Reply to Comment
    5. Arieh

      “found that Palestinians are not the enemy but racism and separation are.”

      What? There is no racism in Palestinian society?

      You must be right then. We need to unite with them and build a shining new utopia.

      Yea right, and pigs fly.

      Reply to Comment
    6. Racism, Arieh, is not limited to any race. Violence is not monopolized by any race or side; nor is nonviolence, when it appears.

      Peace is a reaching over the Wall, and the other walls, built in minds and social life. There will be no utopia. But I believe the best chance to start something new is on the Bank. Israelis are already there. The State need only take a good look around, recognizing that young girls are just that–young girls.

      Reply to Comment
      • XYZ

        Peace between the Allies and Germany and Japan in World War II was achieved by dealing a devastating defeat to those countries.

        Reply to Comment
        • sh

          So which country do you recommend be defeated to achieve peace with the Palestinians? You should listen to yourself sometimes.

          Reply to Comment
          • XYZ

            Greg said that “peace was a reaching over the wall”. I was pointing out that is not how Germany and Japan were turned into peaceful, prosperous countries. They were taught a lesson in World War II that they haven’t forgotten. German and Japanese fascism and agression were not eradicated by “dialogue” and “understanding the other”. For that matter, the fall of the Communist bloc was not achieved that way either….the US and NATO maintained strong forces in Europe and other places around the world that the USSR foolishly attempted to attain strategic advantage over them which ended up bankrupting the country. Now, it is true that the USSR was, fortunately, not defeated in a war, but it was defeated by a “tsummud” (Arabic word for steadfastness) by the non-Communist world who was willing to make major sacrifices to stand up to Soviet armament and agreession in various places around the world. Israel will convince the Arabs to reach a modus-vivendi the same by demonstrating Jewish “tsummud”…that we are not going to capitulate to them. Then we can work out ways of making life better for both Jews and Arabs in the Middle East.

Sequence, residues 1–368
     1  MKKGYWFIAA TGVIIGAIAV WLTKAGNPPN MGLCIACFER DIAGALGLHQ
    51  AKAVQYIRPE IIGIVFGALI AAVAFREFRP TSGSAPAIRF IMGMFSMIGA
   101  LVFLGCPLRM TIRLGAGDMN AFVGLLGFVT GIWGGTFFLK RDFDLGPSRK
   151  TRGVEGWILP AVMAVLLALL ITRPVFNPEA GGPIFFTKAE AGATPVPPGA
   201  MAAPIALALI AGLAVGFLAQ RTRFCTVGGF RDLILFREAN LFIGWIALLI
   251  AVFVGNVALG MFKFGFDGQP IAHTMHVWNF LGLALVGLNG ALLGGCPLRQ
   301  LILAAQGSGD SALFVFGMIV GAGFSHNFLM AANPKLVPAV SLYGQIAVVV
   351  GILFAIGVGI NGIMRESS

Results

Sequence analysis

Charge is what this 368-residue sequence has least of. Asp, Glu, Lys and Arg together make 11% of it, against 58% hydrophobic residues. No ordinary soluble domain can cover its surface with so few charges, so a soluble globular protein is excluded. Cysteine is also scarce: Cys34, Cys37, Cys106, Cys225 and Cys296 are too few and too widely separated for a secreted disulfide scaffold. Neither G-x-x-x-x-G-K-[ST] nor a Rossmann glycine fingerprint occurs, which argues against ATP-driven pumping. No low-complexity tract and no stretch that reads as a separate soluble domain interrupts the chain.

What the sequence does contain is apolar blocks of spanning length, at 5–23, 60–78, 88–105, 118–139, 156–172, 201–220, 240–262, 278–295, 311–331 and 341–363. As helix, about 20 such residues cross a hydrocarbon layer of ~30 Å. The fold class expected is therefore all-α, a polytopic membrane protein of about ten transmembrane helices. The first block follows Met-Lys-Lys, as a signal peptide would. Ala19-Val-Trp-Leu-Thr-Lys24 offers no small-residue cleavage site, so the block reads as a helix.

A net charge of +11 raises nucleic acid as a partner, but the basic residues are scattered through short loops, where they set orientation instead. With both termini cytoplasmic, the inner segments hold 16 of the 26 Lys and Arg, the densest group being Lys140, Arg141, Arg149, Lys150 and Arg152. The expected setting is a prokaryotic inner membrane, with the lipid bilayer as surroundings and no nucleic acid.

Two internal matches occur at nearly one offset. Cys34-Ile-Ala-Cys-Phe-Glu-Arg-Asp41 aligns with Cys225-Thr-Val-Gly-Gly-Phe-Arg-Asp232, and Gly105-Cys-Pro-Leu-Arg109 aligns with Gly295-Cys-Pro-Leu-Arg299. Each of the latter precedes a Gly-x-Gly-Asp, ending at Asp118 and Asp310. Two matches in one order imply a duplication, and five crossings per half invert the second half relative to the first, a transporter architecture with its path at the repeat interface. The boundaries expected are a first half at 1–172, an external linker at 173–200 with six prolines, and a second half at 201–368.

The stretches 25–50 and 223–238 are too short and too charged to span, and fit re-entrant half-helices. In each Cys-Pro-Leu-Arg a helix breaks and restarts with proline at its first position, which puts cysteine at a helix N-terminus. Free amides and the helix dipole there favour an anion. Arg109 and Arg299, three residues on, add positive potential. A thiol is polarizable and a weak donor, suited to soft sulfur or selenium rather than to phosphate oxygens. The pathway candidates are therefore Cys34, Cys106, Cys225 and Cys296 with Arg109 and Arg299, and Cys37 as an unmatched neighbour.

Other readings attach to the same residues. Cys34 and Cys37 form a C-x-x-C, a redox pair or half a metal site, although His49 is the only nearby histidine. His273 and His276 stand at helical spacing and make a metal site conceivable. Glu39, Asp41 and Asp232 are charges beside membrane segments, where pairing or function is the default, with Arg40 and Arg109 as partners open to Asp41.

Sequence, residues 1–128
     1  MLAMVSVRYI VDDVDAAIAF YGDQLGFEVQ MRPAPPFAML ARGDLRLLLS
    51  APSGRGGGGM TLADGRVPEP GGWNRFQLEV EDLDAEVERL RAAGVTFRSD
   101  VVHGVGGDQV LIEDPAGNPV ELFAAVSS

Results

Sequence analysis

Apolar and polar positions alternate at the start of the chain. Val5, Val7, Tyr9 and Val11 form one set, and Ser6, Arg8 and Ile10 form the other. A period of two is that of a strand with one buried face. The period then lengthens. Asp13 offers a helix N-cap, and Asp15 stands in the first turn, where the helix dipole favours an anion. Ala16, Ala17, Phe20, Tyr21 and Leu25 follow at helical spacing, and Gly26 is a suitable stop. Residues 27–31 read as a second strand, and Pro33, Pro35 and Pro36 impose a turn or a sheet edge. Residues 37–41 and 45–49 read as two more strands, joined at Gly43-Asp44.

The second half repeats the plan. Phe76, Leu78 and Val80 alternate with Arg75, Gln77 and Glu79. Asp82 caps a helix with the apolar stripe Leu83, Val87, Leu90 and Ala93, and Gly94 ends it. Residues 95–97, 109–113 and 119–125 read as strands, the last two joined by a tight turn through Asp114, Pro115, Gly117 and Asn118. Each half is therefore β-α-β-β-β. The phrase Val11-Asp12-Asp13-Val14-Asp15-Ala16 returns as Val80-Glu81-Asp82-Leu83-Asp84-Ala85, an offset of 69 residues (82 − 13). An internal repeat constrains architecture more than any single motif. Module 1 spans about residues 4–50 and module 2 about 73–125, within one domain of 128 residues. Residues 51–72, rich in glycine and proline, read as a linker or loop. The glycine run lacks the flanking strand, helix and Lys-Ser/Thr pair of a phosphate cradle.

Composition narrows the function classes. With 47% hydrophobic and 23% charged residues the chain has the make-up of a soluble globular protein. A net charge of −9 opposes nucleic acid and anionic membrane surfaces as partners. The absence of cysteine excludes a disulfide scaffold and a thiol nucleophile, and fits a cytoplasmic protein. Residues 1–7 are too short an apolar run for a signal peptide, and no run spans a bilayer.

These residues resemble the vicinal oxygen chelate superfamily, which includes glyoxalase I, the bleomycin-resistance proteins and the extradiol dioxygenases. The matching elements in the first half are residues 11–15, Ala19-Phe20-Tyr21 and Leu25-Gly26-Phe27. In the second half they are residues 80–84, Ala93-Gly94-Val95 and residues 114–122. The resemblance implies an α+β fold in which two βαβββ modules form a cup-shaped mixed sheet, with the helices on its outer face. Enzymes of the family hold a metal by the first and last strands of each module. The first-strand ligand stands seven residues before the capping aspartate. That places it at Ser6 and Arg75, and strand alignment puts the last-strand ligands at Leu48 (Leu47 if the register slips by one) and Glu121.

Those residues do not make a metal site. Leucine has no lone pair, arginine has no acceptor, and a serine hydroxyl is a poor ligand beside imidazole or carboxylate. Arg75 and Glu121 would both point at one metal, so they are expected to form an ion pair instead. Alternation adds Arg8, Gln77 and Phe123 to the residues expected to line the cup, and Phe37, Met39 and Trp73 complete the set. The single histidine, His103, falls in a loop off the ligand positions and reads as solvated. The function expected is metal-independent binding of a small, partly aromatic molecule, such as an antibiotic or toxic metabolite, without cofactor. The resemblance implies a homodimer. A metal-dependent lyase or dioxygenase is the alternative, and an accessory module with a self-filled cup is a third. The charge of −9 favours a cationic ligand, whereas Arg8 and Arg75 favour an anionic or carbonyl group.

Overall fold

Reply to Comment
          • sh

            “but it was defeated by a “tsummud” (Arabic word for steadfastness)”
            It isn’t, it’s the Hebrew mistransliteration and thus mispronunciation of the Arabic word for steadfastness. So according to you the determination of the non-Communist world to stand against Soviet armament and aggression is summud; Jewish persistence is summud; and Palestinian steadfastness, only thanks to which you ever heard the garbled Israeli version of the word, is *not* summud? XYZ you really should listen to yourself sometimes.

            Reply to Comment
          • XYZ has the pure righteousness of Germany and Japan. It is sad that he sees the Bank residents as identical to these two. After all, there isn’t even a State there.